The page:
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Approaching the Peek Geek Point Expanding New York Comic Con grapples with growing pains BY CHARLES BATTERSBY It was just a few hours into the first day at New York Comic Con (NYCC; Oct. 4-7). A cheerful PR woman at a booth told me that Thursday at this year’s con was a little more crowded than usual. “But it’s not like Saturday,” she added, with a mixture of excitement and apprehension, “Nothing is like Saturday.” Two days later, NYCC was bursting with so many fans that the Javits Center couldn’t hold them all. As the domain of the Con expands culturally beyond print comic books and their traditional fans, this annual event has also expanded physically, sending waves of nerds all over Manhattan’s West Side. For the last few years, NYCC has staged some panels and screenings at Madison Square Garden, and the nearby Hammerstein Ballroom. This year, there were two new satellite venues — most notably, Pier 94, where a dedicated Anime Fest was held in conjunction with Anime Expo, a long-running, Los Angeles-based event. This Anime Fest comes less than a year after rival convention “Anime NYC” was held at the Javits. Alas, the attempt to corner the New York anime con market got off to a rocky start for NYCC and Anime Fest. Pier 94 is 16 blocks north of the Javits, and it required a separate ticket from NYCC (discounted tickets were available for people who went to both). Although a shuttle bus was making trips between the two locations, many attendees were unaware of this, and even those who knew there was a bus were uncertain where to find it. We hoofed it up 12th Ave. between the two venues on Saturday, and met many anime fans walking down from Pier 94. We stopped to speak to a cosplayer who goes by the handle Firefrost Cosplay. She complained that the walk was “a bit of a drag, especially in cosplay,” and pointed out that other satellite venues like Madison Square Garden are conveniently next to the subways. Aside from Pier 94, there were panels and signings at “The Studios,” a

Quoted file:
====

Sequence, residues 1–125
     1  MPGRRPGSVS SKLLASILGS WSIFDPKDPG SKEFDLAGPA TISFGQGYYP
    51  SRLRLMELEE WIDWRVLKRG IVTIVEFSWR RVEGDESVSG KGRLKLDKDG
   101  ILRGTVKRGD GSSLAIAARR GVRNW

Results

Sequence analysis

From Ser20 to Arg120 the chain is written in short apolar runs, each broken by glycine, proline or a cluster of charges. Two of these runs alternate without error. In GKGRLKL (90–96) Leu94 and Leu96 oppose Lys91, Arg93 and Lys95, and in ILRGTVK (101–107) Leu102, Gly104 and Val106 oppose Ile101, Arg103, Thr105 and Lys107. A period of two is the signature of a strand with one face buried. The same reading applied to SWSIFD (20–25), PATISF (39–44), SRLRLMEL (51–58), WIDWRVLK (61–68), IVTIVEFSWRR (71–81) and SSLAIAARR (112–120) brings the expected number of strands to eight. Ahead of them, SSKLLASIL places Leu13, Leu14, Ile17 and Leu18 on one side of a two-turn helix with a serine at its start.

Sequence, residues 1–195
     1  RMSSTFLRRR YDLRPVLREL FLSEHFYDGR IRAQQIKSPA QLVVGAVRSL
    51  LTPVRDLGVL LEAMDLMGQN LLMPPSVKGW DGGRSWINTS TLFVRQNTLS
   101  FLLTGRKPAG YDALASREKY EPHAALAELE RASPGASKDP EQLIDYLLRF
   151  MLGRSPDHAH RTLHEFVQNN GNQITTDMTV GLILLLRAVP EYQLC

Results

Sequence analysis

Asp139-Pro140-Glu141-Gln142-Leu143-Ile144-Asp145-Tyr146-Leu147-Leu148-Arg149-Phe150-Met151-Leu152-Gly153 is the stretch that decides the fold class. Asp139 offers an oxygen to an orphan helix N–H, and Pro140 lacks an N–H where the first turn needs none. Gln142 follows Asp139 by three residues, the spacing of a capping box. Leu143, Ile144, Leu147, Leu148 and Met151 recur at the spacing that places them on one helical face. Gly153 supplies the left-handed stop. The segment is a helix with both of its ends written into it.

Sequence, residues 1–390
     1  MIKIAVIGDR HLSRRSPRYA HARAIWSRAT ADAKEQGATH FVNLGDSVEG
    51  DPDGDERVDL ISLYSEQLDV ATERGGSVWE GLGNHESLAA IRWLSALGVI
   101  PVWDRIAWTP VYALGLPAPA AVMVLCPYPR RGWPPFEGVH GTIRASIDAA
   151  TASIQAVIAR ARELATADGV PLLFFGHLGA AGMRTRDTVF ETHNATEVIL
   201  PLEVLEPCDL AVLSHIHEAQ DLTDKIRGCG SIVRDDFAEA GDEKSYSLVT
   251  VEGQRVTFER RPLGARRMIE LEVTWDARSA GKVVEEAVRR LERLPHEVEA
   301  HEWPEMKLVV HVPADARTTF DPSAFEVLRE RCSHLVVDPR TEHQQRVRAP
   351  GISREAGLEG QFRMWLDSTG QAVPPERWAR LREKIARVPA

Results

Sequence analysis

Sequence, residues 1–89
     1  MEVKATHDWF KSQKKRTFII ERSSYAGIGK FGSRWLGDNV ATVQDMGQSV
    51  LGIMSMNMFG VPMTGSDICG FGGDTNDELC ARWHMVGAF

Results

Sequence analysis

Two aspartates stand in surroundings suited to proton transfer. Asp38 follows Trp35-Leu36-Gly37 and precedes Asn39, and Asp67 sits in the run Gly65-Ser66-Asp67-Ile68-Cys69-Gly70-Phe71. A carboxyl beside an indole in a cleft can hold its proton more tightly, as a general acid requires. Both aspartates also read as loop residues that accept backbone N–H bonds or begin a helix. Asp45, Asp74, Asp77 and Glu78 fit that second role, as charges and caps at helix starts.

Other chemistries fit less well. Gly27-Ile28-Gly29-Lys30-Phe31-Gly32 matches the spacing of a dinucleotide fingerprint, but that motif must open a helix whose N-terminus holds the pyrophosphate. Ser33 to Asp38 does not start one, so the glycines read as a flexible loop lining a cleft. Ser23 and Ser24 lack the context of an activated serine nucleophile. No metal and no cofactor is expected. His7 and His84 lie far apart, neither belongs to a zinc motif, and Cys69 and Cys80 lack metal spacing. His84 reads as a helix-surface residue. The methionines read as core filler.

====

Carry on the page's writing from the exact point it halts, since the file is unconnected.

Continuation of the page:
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October 18, 2018